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Myelitis

Andersen, Oluf

Current Opinion in Neurology: June 2000 - Volume 13 - Issue 3 - p 311-316
Review Article
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Acute transverse myelitis (ATM) with moderate symptomatology and smaller multiple magnetic resonance imaging lesions is often caused by multiple sclerosis. Severe ATM with extensive magnetic resonance imaging lesions with or without associated meningitis often has a viral cause, particularly in the younger age groups, whereas vascular disorders may prevail among older patients. Previously, one had to rely on indirect evidence such as viral serology or viral identification in throat washings to confirm a diagnosis of myelitis. Thus, mycoplasma myelitis may occur coincident with a mycoplasma pneumonia. Viral myelitis is now often diagnosed by specific polymerase chain reaction of the cerebrospinal fluid, for echovirus, Coxsackie virus, mumps virus, herpes simplex virus or varicella-zoster virus, but an autoimmune component may still be important. An anterior horn syndrome may be produced by the tick-borne encephalomyelitis virus. Severe ATM may also be a postinfectious or postvaccinal disorder [i.e. a partial acute disseminated encephalomyelitis (ADEM)]. Neuromyelitis optica, a combination of severe myelitis and optic neuritis, is often a manifestation of ADEM or systemic lupus erythematosus. Many of these disorders are potentially treatable with specific antiviral agents or immunosuppression. ‘Idiopathic’ ATM is probably a consequence of inadequate examination and follow up. The differential diagnoses - viral myelitis, multiple sclerosis, ADEM, neuromyelitis optica, spinal arteriovenous malformation and arteritis - should be considered and are usually identified by a rapid diagnostic work-up, leaving few ATM cases undiagnosed.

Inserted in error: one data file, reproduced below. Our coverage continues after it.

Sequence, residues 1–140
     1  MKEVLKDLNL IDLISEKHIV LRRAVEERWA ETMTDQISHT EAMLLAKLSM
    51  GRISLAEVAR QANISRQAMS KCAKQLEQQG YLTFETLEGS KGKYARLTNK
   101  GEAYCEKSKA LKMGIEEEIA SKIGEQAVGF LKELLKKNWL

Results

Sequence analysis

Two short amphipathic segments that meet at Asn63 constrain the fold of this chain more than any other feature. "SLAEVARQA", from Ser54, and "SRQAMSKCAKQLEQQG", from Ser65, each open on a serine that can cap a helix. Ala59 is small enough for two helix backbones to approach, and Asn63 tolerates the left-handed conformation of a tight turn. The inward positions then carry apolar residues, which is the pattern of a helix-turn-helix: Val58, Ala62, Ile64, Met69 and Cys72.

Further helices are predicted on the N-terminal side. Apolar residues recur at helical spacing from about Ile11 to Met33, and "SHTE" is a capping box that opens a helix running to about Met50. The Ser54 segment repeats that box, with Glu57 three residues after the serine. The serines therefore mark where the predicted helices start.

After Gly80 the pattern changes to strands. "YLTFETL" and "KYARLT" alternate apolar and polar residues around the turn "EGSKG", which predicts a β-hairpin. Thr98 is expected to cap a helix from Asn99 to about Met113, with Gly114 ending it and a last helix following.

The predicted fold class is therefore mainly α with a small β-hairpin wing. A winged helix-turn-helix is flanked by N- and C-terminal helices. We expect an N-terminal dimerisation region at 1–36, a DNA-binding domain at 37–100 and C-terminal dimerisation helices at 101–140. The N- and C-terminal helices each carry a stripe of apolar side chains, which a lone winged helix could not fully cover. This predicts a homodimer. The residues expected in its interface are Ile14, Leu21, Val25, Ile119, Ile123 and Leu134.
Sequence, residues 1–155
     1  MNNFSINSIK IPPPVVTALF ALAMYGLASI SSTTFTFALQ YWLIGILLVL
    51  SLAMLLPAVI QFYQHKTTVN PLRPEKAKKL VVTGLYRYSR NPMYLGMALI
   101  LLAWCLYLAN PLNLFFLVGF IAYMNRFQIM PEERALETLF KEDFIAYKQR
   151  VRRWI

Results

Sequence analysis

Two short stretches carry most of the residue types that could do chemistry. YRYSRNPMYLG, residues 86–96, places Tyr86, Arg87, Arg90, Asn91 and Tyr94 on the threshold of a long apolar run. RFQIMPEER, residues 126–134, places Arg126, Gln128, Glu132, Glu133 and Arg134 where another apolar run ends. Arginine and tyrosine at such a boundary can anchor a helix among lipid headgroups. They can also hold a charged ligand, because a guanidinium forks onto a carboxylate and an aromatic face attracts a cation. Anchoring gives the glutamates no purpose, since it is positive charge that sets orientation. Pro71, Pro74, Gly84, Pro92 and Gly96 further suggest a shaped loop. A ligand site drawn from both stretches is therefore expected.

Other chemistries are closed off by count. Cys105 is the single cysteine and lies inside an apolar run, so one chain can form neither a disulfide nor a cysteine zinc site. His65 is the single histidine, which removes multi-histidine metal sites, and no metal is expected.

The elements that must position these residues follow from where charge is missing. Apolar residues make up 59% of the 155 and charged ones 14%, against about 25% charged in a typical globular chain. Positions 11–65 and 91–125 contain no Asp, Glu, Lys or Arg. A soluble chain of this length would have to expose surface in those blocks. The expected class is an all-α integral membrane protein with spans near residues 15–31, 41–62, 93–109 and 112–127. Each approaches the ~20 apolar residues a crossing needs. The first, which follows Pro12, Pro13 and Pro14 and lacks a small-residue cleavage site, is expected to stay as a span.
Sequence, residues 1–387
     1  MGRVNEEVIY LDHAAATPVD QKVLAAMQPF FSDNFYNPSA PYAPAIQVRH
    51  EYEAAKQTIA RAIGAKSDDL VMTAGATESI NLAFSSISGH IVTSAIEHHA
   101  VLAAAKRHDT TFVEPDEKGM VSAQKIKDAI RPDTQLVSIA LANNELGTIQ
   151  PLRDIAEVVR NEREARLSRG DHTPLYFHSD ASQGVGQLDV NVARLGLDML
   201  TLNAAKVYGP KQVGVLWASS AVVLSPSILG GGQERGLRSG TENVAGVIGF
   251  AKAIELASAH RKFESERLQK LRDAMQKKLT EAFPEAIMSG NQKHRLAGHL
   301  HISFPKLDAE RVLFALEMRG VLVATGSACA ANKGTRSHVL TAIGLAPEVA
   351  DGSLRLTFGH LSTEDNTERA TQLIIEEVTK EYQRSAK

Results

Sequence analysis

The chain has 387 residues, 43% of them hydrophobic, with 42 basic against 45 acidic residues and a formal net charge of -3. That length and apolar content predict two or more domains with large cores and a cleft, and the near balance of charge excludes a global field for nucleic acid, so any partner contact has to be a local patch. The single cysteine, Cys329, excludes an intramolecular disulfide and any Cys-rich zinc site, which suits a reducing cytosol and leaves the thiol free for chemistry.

Department of Clinical Neuroscience, Sahlgrenska University Hospital, SE-413 45 Göteborg, Sweden. Tel: +46 31 342 3593; fax: +46 31 342 2467

© 2000 Lippincott Williams & Wilkins, Inc.